Travel rewards credit cards

CHOICE identifies the cards that offer the best value for your spending levels.
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Travel rewards credit cards allow you to earn points towards flights and holidays as you spend – but choose the wrong one and you may find the experience far from rewarding. We sized up the major card loyalty programs and found:

  • on average, spending around $1000 a month on your card will cost more in fees than you earn in rewards;
  • there are some good-value products available, but you must choose carefully and pay the balance in full each month.

In this podcast, Brendan Mays tells you how to get the best value out of rewards cards while avoiding the pitfalls, or you can check out our Rewards Credit Card Guide.  

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Getting the best value

CHOICE looked at 40 credit card programs (63 cards in total) offering travel rewards or partnered to an airline’s frequent traveller program, and then calculated rewards based on three monthly spend levels: $1000, $2500 and $5000. There are all sorts of goodies on offer – from local and international travel to vouchers and accommodation – but not all cards will deliver for all users.

Low spenders

For those spending around $1000 a month, your card can actually cost more in annual fees than you’ll earn in rewards, but don’t despair – there are decent value options even for low spenders with the new Virgin Flyer and Jetstar cards. If you regularly rack up around $2500 per month, the rewards potential increases, but you still need to choose carefully to earn enough rewards to make it worth your while.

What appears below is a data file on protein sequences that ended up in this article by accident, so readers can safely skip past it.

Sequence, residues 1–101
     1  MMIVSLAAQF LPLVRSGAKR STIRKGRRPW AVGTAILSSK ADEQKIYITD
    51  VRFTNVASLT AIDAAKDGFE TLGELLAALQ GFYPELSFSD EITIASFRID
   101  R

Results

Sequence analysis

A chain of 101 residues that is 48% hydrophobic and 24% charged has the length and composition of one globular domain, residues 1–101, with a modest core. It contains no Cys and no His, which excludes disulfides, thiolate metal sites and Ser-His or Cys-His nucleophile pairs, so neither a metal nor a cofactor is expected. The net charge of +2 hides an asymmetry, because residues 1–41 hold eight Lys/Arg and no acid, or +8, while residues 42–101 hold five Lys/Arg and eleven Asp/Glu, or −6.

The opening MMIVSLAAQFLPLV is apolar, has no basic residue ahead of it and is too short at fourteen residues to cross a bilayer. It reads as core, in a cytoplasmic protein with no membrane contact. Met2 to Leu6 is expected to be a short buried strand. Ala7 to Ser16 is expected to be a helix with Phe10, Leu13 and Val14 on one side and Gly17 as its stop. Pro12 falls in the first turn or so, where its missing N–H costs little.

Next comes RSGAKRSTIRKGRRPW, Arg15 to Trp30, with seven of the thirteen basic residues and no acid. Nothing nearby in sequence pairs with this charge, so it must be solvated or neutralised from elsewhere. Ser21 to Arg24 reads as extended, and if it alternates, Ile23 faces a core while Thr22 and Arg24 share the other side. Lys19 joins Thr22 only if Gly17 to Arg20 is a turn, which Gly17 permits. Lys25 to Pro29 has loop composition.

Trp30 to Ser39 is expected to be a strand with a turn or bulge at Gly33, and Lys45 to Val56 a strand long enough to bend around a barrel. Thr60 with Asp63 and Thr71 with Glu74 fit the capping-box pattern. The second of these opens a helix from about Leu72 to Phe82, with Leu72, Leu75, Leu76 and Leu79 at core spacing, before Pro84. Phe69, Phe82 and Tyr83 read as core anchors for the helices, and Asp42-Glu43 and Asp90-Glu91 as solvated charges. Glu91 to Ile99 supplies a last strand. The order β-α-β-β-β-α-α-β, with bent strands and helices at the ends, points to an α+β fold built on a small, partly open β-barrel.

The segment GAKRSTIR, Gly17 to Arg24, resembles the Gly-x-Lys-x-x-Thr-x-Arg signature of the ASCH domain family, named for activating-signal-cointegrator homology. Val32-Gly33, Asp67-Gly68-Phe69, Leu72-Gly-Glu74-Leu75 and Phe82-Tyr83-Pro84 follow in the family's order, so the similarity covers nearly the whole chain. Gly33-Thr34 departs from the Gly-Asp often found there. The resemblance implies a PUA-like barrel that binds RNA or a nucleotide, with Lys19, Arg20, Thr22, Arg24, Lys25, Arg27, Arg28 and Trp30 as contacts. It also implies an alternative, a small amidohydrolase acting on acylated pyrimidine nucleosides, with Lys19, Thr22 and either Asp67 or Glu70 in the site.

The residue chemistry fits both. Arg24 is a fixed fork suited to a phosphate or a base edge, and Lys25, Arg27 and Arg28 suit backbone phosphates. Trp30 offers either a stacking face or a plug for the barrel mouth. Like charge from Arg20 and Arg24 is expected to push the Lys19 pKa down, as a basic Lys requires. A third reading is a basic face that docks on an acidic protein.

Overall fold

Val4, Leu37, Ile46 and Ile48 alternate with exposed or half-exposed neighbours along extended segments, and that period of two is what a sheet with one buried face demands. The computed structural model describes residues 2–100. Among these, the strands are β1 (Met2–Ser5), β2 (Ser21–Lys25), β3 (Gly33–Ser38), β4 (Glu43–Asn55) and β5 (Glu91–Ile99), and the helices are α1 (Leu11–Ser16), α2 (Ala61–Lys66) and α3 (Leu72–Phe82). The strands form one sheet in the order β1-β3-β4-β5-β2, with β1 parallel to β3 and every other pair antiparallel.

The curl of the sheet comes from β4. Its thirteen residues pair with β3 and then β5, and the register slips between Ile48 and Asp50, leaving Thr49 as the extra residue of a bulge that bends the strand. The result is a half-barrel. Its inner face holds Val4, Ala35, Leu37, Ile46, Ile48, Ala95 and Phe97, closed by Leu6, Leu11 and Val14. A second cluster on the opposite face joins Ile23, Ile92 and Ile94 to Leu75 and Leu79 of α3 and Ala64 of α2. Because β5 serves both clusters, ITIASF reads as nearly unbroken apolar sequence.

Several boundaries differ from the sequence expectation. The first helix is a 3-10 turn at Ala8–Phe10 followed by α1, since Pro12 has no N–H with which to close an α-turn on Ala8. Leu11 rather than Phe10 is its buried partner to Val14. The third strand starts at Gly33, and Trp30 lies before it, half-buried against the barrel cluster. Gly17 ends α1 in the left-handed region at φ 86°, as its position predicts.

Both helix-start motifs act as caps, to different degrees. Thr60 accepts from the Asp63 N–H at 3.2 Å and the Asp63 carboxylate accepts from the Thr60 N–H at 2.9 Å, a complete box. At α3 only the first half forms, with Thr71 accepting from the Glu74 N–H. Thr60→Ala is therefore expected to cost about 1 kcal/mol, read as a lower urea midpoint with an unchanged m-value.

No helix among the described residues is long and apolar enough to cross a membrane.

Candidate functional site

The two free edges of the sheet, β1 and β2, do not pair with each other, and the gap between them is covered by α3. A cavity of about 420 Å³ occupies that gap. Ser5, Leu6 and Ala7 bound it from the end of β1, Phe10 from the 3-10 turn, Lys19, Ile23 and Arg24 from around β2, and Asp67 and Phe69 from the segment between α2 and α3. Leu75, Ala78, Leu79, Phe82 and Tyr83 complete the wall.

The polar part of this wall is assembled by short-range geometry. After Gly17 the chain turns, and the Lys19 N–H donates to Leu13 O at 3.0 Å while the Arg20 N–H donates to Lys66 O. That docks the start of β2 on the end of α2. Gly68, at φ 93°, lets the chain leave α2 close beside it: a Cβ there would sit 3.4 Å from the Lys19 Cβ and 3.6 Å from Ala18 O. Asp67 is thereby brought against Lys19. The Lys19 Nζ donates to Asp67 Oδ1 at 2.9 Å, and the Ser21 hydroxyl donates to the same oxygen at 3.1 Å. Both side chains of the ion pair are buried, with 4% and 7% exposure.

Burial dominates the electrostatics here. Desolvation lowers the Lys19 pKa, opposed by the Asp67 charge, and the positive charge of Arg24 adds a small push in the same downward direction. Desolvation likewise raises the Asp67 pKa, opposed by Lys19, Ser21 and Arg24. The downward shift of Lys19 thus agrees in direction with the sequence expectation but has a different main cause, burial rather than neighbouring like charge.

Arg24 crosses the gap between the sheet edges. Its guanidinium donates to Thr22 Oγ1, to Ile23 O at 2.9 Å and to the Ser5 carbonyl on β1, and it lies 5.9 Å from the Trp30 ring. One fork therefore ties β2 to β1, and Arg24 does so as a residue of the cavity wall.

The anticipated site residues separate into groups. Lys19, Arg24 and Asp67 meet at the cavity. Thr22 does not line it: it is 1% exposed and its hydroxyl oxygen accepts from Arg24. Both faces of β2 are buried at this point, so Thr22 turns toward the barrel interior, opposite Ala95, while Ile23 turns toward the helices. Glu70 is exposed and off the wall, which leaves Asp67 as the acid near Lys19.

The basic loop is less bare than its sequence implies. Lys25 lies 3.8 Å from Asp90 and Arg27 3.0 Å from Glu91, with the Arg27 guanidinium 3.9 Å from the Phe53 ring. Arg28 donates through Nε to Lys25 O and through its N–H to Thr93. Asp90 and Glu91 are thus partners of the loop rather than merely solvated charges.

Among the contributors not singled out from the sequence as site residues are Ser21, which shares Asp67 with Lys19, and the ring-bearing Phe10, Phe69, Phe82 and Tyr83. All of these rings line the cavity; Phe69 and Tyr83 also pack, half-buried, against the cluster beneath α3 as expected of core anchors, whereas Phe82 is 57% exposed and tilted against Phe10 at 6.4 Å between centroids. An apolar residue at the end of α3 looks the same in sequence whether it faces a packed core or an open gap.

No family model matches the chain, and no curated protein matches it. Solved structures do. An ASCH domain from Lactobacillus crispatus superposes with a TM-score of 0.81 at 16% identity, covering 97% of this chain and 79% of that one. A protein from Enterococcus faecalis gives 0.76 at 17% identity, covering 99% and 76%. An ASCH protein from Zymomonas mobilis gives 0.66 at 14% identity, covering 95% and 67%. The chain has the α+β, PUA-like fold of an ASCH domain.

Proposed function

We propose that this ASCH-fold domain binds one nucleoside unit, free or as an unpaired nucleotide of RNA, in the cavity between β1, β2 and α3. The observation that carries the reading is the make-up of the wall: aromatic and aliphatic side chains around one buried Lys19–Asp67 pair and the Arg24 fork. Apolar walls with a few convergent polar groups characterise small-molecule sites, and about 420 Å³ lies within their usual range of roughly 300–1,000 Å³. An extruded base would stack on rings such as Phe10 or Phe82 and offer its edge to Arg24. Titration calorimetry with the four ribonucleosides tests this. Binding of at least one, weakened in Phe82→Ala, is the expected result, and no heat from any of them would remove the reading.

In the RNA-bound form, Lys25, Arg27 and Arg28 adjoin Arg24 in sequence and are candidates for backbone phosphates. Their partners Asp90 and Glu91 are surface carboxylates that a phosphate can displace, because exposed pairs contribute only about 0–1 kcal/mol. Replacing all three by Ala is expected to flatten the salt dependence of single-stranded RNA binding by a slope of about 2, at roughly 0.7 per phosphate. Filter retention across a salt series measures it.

High spenders

High spenders stand to gain the most, as long as you don’t mind spending with Amex instead of Visa or MasterCard. However, if you can’t pay your balance in full each month, our advice is to forget about rewards cards altogether and opt for a no-frills, low-interest credit card instead. If you want to know more about the basics of rewards credit cards, and best ways to gain the most value for them, check out our rewards credit card guide.

Worth considering?

While Qantas Frequent Flyer and Velocity lead the way, some alternative airline reward schemes have broken into the mainstream market. The Kris Flyer program of Singapore Airlines (voted number one airline in our 2010 international airline satisfaction survey) is the most prominent and featured on 14 of the 40 programs surveyed, including two dedicated Singapore Airlines cards from Westpac. The Citibank Emirates platinum card, which links you directly with the airline’s Skywards program, is another noteworthy addition.

While the cards may be appealing for Emirates and Singapore Air faithfuls, neither program offers much in the way of vouchers and both Kris and Skywards points expire within three years, which will challenge those with a lower spend limit.



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